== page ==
Ductile Failure: Definition, Causes, and Prevention
Learn more about ductile failure and how to manage it if it happens.
Failure by ductile fracture is an important concept to understand when designing parts that must be loaded in tension. An engineered part is generally designed so that the maximum stress the part is expected to experience remains within the elastic limit of a material, i.e. below its yield point. During ductile failure, a part will experience a localized reduction in area due to plastic deformation until it ultimately fractures. This is in contrast to brittle failure which experiences little if any reduction in the cross-sectional area before fracture.
This article will describe what ductile failure is, how it is initiated, what it looks like, as well as the various causes of ductile failure.
Ductile failure refers to the process of a material fracturing after plastically deforming past its yield limit. This is in contrast to brittle failure, where the material barely deforms before fracturing. Materials that deform in a ductile manner have a distinctive failure mode when compared to brittle failure.
A ductile material will have a distinctive stress-strain curve as shown in Figure 1 below:
Ductile metal stress-strain curve.
Image Credit: https://www.smlease.com/
The linear section of the curve between points O and A is where stress due to an applied load will not cause permanent deformation. Once stress increases beyond this limit to a material’s upper yield point (B, Figure 1), it will begin to plastically deform to the lower yield point (C, Figure 1), and the lower yield point indicates the onset of strain hardening. The cross-sectional area will continue to decrease until the stress reaches the fracture strength of the material and it fails. The term used to describe this localized reduction of area is necking, however, it must be noted that necking is not immediately present during ductile failure. A higher degree of elongation before failure means the material is more ductile. It must be noted that there will be a degree of strain hardening while the material deforms plastically.
Highly ductile materials will tend to have a less defined curve with their yield strength being defined by the 0.2% offset rule. This means that the proportional region of a material, i.e. the region where it will deform in an elastic manner is defined by a 0.2% offset as indicated in Figure 2 below. A line parallel with the linear region of the curve is drawn from 0.2% strain until it intersects with the curve where it defines the yield point.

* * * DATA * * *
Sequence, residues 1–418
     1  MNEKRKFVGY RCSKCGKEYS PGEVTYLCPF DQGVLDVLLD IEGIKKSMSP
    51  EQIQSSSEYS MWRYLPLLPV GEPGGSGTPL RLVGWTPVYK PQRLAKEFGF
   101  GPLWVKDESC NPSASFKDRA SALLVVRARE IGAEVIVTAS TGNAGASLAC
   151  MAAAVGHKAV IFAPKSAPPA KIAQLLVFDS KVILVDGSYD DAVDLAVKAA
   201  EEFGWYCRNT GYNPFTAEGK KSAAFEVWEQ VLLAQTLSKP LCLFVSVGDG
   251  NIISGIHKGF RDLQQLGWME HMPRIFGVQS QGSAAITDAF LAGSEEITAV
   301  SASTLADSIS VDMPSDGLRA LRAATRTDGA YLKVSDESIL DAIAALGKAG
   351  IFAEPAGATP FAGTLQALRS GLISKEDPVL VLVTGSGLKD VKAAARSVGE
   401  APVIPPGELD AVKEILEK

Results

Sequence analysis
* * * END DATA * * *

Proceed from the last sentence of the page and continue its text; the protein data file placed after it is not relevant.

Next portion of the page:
0.2% offset ductile stress strain.
Image Credit: https://www.researchgate.net/
A material’s level of ductility can be determined by the proportional reduction in cross-sectional area at the fracture plane after failure. A material with a significant reduction in the area after failure is highly ductile. Examples of this would be soft metals like aluminum or gold.
The word ductile comes from the Latin word ductilis, which is translated as "malleable, flexible; capable of being led." In the context of materials science, ductility refers to the ability of a material to withstand considerable plastic deformation into useful shapes without breaking or to absorb considerable energy in an as-manufactured condition before catastrophic failure occurs. For more information, see our guide on Ductility.
Ductile failure is a multi-step process that for the purpose of clarity will be limited to tensile ductile failure. First, the part must be loaded in tension such that the stress developed begins to exceed the elastic limit (or yield point) of the material. This is when the material will begin to plastically deform. This process is called necking and refers to the reduction in the cross-sectional area of the part. Eventually, the applied stress becomes stronger than the bonds between atoms that hold the material together. The weakest parts of the material are internal defects where the metallic crystals are not lined up for optimum strength, such as at pre-existing pores or voids, or inclusions or contaminants such as slag or metal carbides. Next, these voids will coalesce, which means they will grow and join with nearby voids to form larger voids. Once the voids have joined up to create sufficiently large discontinuities, a crack will begin to propagate outward from the initiation point until the material ultimately separates on a macro level, and fails.
Ductile fracture has a distinctive appearance. Note the reduction in the area of the part and the unique shape of the failure region. The higher a material's ductility, the more likely the necking will tend toward a sharper point, as indicated in Figure 2 below:
Tensile specimens after testing.
Image Credit: Shutterstock.com/High Simple
Given the right combination of circumstances, any material will fail. Some of the factors that contribute to ductile failure are listed below:
Usually, a part is designed to withstand the applied load such that the stress experienced is significantly less than the yield stress by a safety factor. However, when the stress level in a part loaded in tension exceeds its yield strength, it will begin to plastically deform. This is the first stage in eventual ductile failure. The part will continue to deform until it reaches its fracture strength, at which point it will break.
Ductile failure is most often observed in a tensile loading scenario. This means that a load is applied that would tend to stretch the material. Loading rate, which is essentially the speed with which a load is applied, can also affect the ductile failure behavior of a part loaded in tension by increasing the material’s fracture toughness. Ductile failure is a rare occurrence as the part is typically designed to handle more than the expected load.